A Stunning Rebirth

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By: 
Matt Geiger
Brian Hamilton, seen here admiring 1847 at the Stamm House’s rustic wood and stone bones, will manage the restaurant with his wife, Alicia. The management team’s prior experience includes acclaimed eateries Weary Traveler and Restaurant Magnus.

Whether it’s the persistent rumors about Underground Railroad tunnels beneath its floors, or gleefully bawdy tales of rum running during prohibition, the Stamm House has always been steeped in Middleton lore.

That’s why, when one of the area’s oldest restaurants gradually fell into a state of disrepair, re-opening and closing without notice while the business foundered, the people of the Good Neighbor City were concerned they might lose one of their most iconic landmarks.

Those fears will be dispelled when the establishment re-opens its doors on Tuesday, May 26.  Completely renovated, rebuilt, palpably loved and slightly renamed as “1847 at the Stamm House,” the restaurant looks like it could be on the verge of its heyday.

The team behind the new Stamm House has not only fixed up the building, stripping away detritus and glorifying the local limestone walls that had for years been hidden from the public eye; they have also rebuilt its soul and reimagined its purpose and menu.

“So many people have such close attachments to this restaurant,” explains general manager Brian Hamilton. “They worked here, or their parents worked here. It’s imbued us with a sense of mission.”

The reimagined eatery includes two full bars, warm sheets of natural light, exposed stone walls, literally tons of reclaimed wood, a special “chef’s cave” and a menu with which executive chef Nick Johnson will innovate to his heart’s delight.

Johnson, a nominee for the prestigious James Beard Award, has been integral to the design of the kitchen and chef’s cave. He plans to emphasize whole animals, purchased locally from the Conscious Carnivore, crafting dishes with midwestern heart and European sophistication.

The menu, based heavily on seasonal products, will change frequently. But early versions include appetizers like a smoked whitefish Scotch egg. Or chicken and goat milk spaetzle served with sunchokes, lovage and broccoli rabe. Or forest mushrooms and tagliatelle with Brussels sprouts, peppercress and Parmesan.

Nightly specials will include dishes like beef stroganoff with succulent braised beef cheek, pappardelle, mushroom, mustard and crème fraiche; fried fish from Wisconsin lakes; and of course, prime rib.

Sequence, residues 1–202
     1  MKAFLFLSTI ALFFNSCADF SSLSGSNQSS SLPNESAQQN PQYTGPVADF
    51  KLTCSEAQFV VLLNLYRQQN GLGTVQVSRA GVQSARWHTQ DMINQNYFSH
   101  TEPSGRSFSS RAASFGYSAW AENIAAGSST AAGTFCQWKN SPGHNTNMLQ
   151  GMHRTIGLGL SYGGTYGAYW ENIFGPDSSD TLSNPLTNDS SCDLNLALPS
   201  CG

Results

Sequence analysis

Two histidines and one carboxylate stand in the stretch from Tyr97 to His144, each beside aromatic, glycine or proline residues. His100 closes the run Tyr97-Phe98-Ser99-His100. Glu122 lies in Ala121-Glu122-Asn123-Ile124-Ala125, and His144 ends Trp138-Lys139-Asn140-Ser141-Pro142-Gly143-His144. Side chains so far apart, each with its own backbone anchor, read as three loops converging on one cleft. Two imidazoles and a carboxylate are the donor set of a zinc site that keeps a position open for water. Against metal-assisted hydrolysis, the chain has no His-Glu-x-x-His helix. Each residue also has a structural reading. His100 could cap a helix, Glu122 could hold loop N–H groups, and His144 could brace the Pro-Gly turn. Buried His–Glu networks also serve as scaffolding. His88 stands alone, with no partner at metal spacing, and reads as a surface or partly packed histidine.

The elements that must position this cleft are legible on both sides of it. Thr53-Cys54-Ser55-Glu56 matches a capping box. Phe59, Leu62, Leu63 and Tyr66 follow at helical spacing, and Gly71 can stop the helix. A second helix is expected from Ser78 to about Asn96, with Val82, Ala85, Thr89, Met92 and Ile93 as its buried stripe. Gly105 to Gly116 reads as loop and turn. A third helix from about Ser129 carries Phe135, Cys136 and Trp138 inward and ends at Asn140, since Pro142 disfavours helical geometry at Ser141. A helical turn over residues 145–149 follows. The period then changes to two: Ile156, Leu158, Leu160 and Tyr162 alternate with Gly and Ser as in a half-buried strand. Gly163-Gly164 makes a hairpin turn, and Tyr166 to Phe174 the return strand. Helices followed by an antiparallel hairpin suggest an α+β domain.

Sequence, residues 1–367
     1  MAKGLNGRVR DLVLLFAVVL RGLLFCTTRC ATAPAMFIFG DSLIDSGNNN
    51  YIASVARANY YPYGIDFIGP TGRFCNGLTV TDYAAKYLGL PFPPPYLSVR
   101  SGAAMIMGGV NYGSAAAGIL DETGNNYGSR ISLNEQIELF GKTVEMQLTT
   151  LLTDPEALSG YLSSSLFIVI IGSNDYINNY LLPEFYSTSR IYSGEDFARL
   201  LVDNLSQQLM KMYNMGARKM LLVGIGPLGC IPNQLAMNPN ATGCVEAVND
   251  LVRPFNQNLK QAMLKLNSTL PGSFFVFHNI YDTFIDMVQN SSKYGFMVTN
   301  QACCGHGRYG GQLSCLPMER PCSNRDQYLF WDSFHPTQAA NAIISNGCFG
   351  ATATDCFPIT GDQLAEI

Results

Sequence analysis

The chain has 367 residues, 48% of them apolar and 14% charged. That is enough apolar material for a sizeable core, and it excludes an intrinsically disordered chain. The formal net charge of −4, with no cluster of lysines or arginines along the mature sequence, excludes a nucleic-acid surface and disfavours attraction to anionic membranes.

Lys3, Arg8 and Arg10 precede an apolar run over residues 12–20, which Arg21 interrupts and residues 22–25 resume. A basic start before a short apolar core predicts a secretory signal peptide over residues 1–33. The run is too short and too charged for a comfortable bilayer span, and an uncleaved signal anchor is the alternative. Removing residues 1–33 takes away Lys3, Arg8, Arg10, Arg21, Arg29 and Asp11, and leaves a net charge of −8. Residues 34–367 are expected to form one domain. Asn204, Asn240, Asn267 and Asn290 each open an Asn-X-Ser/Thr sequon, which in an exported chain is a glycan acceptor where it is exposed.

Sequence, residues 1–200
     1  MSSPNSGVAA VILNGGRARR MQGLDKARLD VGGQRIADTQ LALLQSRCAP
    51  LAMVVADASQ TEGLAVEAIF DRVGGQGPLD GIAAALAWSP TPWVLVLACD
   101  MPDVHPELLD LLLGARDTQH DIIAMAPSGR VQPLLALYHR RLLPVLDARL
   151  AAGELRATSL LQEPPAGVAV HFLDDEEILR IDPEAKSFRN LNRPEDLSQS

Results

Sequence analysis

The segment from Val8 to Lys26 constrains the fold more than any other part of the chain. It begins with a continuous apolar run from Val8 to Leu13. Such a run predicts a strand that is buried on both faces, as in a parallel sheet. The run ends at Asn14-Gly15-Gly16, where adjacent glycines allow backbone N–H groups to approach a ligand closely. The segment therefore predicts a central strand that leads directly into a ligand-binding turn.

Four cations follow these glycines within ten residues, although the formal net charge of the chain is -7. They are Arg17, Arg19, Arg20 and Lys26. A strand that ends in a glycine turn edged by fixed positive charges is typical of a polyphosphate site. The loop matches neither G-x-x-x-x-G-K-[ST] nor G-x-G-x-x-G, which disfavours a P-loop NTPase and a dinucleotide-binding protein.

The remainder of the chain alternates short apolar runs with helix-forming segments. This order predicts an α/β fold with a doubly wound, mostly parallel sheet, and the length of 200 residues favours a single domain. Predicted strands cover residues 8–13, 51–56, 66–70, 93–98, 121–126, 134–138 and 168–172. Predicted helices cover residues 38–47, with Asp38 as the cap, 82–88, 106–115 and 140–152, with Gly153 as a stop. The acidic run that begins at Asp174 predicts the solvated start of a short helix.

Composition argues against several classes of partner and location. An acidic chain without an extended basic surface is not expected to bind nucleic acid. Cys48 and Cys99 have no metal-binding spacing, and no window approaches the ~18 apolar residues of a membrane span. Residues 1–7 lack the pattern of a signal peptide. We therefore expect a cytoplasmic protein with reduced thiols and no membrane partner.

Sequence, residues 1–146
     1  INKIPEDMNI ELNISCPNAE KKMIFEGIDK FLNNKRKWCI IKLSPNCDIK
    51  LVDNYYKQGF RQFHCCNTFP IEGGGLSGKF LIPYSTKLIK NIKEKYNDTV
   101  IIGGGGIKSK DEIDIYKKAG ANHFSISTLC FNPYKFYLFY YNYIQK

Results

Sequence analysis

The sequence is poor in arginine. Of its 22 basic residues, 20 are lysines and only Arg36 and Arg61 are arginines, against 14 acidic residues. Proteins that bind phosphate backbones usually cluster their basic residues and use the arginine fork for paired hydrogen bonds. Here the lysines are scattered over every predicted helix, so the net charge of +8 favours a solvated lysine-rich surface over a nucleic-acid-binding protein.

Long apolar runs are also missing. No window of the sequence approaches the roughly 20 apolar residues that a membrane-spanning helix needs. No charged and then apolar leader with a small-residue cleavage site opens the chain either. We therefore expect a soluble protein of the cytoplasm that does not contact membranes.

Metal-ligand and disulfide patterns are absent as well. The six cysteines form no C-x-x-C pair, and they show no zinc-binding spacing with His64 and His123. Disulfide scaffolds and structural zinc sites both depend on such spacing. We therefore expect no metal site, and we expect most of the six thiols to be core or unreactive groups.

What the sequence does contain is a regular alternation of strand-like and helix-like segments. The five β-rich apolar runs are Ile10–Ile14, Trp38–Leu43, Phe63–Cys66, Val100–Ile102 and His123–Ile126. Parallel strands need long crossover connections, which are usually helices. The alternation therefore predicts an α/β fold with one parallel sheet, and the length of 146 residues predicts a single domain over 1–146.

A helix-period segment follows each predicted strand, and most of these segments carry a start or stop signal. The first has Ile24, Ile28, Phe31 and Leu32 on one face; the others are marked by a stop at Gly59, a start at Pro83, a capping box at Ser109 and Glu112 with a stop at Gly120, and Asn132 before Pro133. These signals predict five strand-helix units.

The full dinner and bar menus were scheduled to go public via the website (www.1847stammhouse.com)

this week.

The management team, which has been working for two years to fix up a building that had fallen into the bank’s hands before closing its doors, crafted a place where they say classic foundations meet modern innovation.

The building has colorfully served over the years as an inn, tavern, post office, general store, stagecoach stop, community center, library and dance hall. From the 1940s to present it has changed hands several times as a supper club.

But while supper clubs are a dime a dozen in Wisconsin, 1847 at the Stamm House is striving for something more.

“We want,” says Hamilton, “to embrace this building’s entire history. The golden age of the supper club era, yes, but everything else, too.”

“Our kitchen specializes in classic, yet innovative cooking that pays homage to the building blocks of a great menu:  the farmers, the land, the artisans, and traditional techniques,” reads a statement sent out by the restaurant. “At 1847 the serving staff embody and convey the spirit of the business.  The restaurant comes to life through them with time-honored hospitality that exudes warmth, laughter and knowledge.”

While the celebrations are drawing near, 1847 at the Stamm House is the result of two years of work.

Local developer Lake Effect Properties purchased what may be the oldest building in Middleton to bring back a restaurant that has a long history with the city. The renovation was approved by the Middleton Plan Commission and the city’s landmark commission. 

Last year, city plan commissioners appeared delighted with the developer’s investment. 

“[We’re] saying, we have been here a long time but also ... we are going to try new things too,” Lake Effect Properties president Troy Rost told the commission at the time.  “It is that blend of tradition and something new.”  

“We are going to call it 1847 at the Stamm House,” Rost continued. “In the past it has always been Stamm House through all the different generations of the owners - this will allow people to realize that there is something new.”

 “The original Stamm House has been around so long,” Hamilton adds today. “So many people in the area have an almost spiritual connection to the place. The buzz is self-generating.”

“From head to toe we redid the building,” he concludes. “We did it with respect for the past, but we’re trying to move forward as well.”

1847 at the Stamm House is located at 6625 Century Avenue.

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